She also reported that Pedro Sosa told her, “Lady, I’m the sheriff now.”
The men had bank employees stuff the money in a paper grocery bag. Before leaving, the two herded seven employees and four customers into Von Minden’s office and ordered them to lie on the floor and not move for 20 minutes, with one of them threatening to return to check on them.
The Sosas fled the bank and drove to a spot on Steinben Road 2 miles from the bank, according to the article. Leroy Sosa’s confession indicates that the two parked the vehicle and that his uncle opened the trunk and shot Childress in the neck at close range with the deputy’s .44-caliber revolver, before they fled in their own vehicle.
The men returned a short time later to wipe away fingerprints. Realizing Childress still was alive, Pedro Sosa reportedly shot him a second time in the neck because the deputy had seen his face. They then threw Childress’ weapon and their own gun into a creek before fleeing to San Antonio.
Pedro Sosa was arrested during a traffic stop on I-35 in San Antonio on Feb. 4, 1984. He was found guilty of capital murder in a trial in Atascosa County and sentenced to death Jan. 7, 1985. According to Texas Department of Criminal Justice (TDCJ) records, the now 61-year-old currently is housed in the Allan B. Polunsky Unit in Livingston.
Since his sentence, Pedro Sosa has entered four appeals, the most recent in 2006.
Tracy Childress said she had heard that a judge commuted Pedro Sosa’s sentence 1-1/2 years ago and gave him life in prison. Deann Belicek of the 81st Judicial District Court Coordinator’s Office in Pleasanton confirmed Oct. 24 that this was not true, and that the death sentence remained intact.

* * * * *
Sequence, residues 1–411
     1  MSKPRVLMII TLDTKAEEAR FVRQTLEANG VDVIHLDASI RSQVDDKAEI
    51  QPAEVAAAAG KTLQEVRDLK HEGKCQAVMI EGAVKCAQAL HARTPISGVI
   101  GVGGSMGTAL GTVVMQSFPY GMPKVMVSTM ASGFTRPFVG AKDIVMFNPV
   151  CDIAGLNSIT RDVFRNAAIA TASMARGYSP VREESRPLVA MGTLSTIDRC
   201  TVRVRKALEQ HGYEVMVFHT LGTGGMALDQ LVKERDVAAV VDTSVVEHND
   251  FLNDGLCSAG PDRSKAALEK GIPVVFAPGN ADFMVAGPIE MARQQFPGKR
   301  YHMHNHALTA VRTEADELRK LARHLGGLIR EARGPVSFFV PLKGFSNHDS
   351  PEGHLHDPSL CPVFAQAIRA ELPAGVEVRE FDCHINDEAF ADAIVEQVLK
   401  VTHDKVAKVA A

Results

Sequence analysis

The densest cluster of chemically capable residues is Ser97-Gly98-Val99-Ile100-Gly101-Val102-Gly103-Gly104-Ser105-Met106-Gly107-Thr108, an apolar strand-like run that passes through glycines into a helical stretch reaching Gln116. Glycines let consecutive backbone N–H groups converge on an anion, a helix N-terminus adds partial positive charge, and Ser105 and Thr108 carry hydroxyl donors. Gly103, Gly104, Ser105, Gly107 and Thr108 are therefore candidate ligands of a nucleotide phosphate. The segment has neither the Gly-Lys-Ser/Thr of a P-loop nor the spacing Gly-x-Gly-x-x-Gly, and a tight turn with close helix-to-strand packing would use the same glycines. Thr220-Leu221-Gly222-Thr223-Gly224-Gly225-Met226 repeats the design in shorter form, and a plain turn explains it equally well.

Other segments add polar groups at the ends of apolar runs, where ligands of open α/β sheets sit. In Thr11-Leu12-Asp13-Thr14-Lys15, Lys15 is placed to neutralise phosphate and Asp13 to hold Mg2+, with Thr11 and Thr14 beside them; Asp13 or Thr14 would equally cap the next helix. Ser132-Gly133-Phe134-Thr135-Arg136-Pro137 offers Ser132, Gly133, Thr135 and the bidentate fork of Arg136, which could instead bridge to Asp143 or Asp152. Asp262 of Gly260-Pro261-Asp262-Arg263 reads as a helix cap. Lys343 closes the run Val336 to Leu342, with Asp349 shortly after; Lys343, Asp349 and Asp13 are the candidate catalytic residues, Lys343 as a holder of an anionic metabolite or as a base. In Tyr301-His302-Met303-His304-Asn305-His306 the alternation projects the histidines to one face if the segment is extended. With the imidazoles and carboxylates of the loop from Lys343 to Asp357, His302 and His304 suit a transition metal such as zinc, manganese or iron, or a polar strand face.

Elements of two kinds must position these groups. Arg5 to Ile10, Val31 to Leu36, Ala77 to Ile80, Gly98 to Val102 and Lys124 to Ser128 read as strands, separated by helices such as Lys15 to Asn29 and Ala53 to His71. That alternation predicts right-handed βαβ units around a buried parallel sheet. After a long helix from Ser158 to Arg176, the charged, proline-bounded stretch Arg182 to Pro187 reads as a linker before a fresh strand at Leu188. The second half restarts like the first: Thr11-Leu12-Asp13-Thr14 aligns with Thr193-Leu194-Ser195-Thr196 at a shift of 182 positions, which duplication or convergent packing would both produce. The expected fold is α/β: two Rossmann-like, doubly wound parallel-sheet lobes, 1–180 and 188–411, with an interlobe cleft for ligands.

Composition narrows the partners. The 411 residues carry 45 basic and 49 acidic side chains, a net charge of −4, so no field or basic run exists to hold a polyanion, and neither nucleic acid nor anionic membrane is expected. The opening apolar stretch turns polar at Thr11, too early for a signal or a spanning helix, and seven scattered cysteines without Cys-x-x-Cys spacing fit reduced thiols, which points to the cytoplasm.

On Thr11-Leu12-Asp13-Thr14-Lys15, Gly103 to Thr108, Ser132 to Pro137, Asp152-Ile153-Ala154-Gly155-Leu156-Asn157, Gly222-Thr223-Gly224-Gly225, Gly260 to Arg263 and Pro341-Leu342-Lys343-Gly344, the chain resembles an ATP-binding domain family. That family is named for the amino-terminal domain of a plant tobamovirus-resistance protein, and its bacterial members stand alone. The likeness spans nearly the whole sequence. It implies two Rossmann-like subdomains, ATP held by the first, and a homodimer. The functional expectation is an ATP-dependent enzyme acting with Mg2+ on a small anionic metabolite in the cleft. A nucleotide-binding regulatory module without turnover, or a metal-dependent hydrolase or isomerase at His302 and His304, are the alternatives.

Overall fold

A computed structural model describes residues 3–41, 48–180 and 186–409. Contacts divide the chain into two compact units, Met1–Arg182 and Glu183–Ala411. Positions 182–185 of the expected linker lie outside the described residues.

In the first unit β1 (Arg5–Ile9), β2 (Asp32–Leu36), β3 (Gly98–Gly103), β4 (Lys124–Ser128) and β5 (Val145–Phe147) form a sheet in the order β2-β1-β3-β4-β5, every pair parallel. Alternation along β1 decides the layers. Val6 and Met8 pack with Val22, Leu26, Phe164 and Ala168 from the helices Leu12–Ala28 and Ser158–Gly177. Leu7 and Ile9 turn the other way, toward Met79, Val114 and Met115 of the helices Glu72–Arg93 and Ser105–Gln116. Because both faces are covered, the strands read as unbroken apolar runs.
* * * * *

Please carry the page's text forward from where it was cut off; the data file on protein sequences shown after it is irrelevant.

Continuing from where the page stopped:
Back in 2007, Pedro Sosa’s attorneys filed a motion that the sentence be overturned, based on the 2002 Atkins v. Virginia ruling, in which the U.S. Supreme Court voted 6-3 that executions of people deemed mentally retarded was cruel and unusual punishment.
At a 2008 habeas corpus hearing, the brief filed indicates that Pedro Sosa allegedly “was physically incapable of any role other than a follower.”
Belicek said reviews of the matter have been ongoing ever since, and that it will be early 2014 before another hearing will be held.
According to Pedro Sosa’s profile on WriteAPrisoner.com, the convicted murderer maintains his innocence, claiming he was at work 100 miles away. The profile also indicates that he asks for donations and that he is willing to correspond about the case with any interested party.
The Wilson County News submitted a request to correspond with Pedro Sosa about the events on the day of Childress’ killing. An automatic response indicated that messages are checked twice monthly, with the next date being Nov. 4.
Leroy Sosa, who testified against his uncle, was convicted of aggravated robbery, murder, and kidnapping Sept. 20, 1985. According to TDCJ records, he was sentenced to life in prison for his role in the murder. He currently is being held in the Alfred D. Hughes Unit in Gatesville.
The Wilson County Sheriff’s Office
will pay tribute to the memory of
Deputy Ollie: “Sammy” Childress Jr.,
Badge No. 8326
Monday, Nov. 4, 10 a.m.
Wilson County Justice Center,